American Indian languages
American Indian cultures
American Indian nations
Native American Legends: Ayas (Ayash)
Tribal affiliation: Cree, Ojibwe, Algonquin, Innu
Alternate spellings: Âyâs, Ayâs, Aayaash, Ayaash, Aayaase, Ayash, Ayashe, Iyash, Iyas, Ayasi, Ayas'e, Ayas'i, Ayasa, Ayassi, Aioswé
Pronunciation: Varies by dialect: usually eye-yahss, eye-yahsh, or ah-yah-shay
Ayas is an epic hero of the Cree tribe and the neighboring Ojibwe, Innu, and Algonquin communities.
Some folklorists have connected Ayas with the Cree culture hero Wisakedjak,
but our Cree volunteers are adamant that they are two completely different heroes.
Ayas is essentially the main character of a single heroic epic, beginning with his betrayal by family members and ending with
the world fire. The details of Ayas' story vary from one community to another, but he always ends up abandoned on a deserted
island by either his father or stepfather through no fault of his own. (Usually Ayas was either being punished for protecting
his mother from abuse, or else the older man's second wife had falsely accused Ayas of rape and her husband believed her.)
Old Lady Fox becomes his mentor and with her help,
Ayas has a series of adventures in which he kills or defeats strange monsters, then returns them to life as good people or
animals. In the end Ayas finds his family again, rescues his mother, and kills the others by fire (including the second wife's
baby, who he then resurrects as a duck.) The fire then consumes the world, which is also reborn better than it was before.
Ayas ends his saga by turning his mother into a woodpecker and himself into a crow (or in some versions, a tamarack tree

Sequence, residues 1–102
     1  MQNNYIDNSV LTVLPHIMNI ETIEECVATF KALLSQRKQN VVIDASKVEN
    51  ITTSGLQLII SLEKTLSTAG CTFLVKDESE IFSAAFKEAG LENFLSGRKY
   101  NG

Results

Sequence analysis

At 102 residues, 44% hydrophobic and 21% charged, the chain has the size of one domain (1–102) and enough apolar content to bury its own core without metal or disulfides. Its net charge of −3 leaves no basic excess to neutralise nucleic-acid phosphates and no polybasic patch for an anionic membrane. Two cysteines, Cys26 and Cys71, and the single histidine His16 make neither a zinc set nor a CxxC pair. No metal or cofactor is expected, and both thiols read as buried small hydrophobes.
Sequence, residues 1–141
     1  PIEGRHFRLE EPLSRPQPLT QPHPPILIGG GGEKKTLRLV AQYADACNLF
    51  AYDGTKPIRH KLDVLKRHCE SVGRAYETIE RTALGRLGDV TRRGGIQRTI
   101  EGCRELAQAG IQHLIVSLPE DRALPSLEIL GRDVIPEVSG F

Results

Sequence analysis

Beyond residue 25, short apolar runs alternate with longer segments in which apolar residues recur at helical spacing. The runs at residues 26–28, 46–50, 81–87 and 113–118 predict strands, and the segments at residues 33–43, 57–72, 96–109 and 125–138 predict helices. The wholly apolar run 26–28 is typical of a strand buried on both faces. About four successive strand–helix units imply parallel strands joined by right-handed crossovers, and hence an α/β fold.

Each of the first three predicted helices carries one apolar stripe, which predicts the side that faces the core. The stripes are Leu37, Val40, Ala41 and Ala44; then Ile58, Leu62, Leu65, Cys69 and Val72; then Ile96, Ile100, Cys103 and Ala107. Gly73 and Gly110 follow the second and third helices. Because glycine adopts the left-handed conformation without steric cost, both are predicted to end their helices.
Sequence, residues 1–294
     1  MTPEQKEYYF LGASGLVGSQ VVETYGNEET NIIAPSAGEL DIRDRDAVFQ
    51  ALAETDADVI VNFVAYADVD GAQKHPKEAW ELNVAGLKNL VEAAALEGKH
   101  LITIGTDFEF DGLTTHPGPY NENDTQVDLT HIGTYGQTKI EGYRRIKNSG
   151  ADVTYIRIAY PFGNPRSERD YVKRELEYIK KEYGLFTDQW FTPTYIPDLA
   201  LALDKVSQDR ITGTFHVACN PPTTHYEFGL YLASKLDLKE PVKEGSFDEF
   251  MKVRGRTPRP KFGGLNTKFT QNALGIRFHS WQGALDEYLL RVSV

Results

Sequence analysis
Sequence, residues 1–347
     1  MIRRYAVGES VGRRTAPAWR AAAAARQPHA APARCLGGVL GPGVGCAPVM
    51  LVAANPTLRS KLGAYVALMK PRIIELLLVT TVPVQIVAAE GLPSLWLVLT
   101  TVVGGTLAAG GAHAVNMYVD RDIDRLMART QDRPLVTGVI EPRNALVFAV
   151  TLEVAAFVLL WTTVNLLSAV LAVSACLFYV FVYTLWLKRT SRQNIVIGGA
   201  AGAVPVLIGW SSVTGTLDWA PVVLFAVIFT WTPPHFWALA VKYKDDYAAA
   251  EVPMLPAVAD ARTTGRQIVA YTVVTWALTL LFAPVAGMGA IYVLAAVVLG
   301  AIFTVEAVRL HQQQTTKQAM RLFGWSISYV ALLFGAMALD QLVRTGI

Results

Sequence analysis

or toad.) Ayas is not a trickster character and his adventures are not humorous in nature.
There is some confusion surrounding Ayas' name. In some stories both the hero and his father have the same name. In others
it is the father who is named Ayas, and the hero is called Son of Ayas. In other tellings the son alone is called Ayas, and his
father or stepfather has a different name like Waymishose.
Note that the story of Ayas is a heroic saga intended for an adult audience, not a children's learning story. It resembles the
Epic of Gilgamesh more than Aesop's fables-- the legend of Ayas discusses the origin of sexuality and contains mature content.
If you're looking for children's legends, a good source is
this Anishinabe website and a
good book to share is this Cree picture book.
Saga of Iyash:
Retelling of the Aayaash legends in Oji-Cree with English translation.
The Legend of Ayas:
Audio file of a James Bay Cree storyteller narrating the story of Ayas.
Son of Aioswé:
Another Cree version of the Ayashe story.
Ayas'e and the Bats:
Anishinabe legend about Ayashe turning cannibal women into harmless bats.
Brief Wikipedia article about the Anishinabe hero Aayaase.
Cree Legends and Narratives from the West Coast of James Bay:
Comprehensive book of Swampy Cree and Moose Cree stories, including the complete epic of Ayas.
Excellent anthology of stories, songs, and oral history from the Cree and other Algonquian tribes.
I Dream of Yesterday and Tomorrow
Canadian Indian languages
Eastern Woodland languages
Algonquian language family
Native Languages of the Americas website © 1998-2015 Contacts and FAQ page
Back to Native American Mythic Heroes
Back to Native American Myths and Legends
Learn more about the Cree people.
Native American family tree
Native American names
Would you like to help support our organization's work with endangered American Indian languages?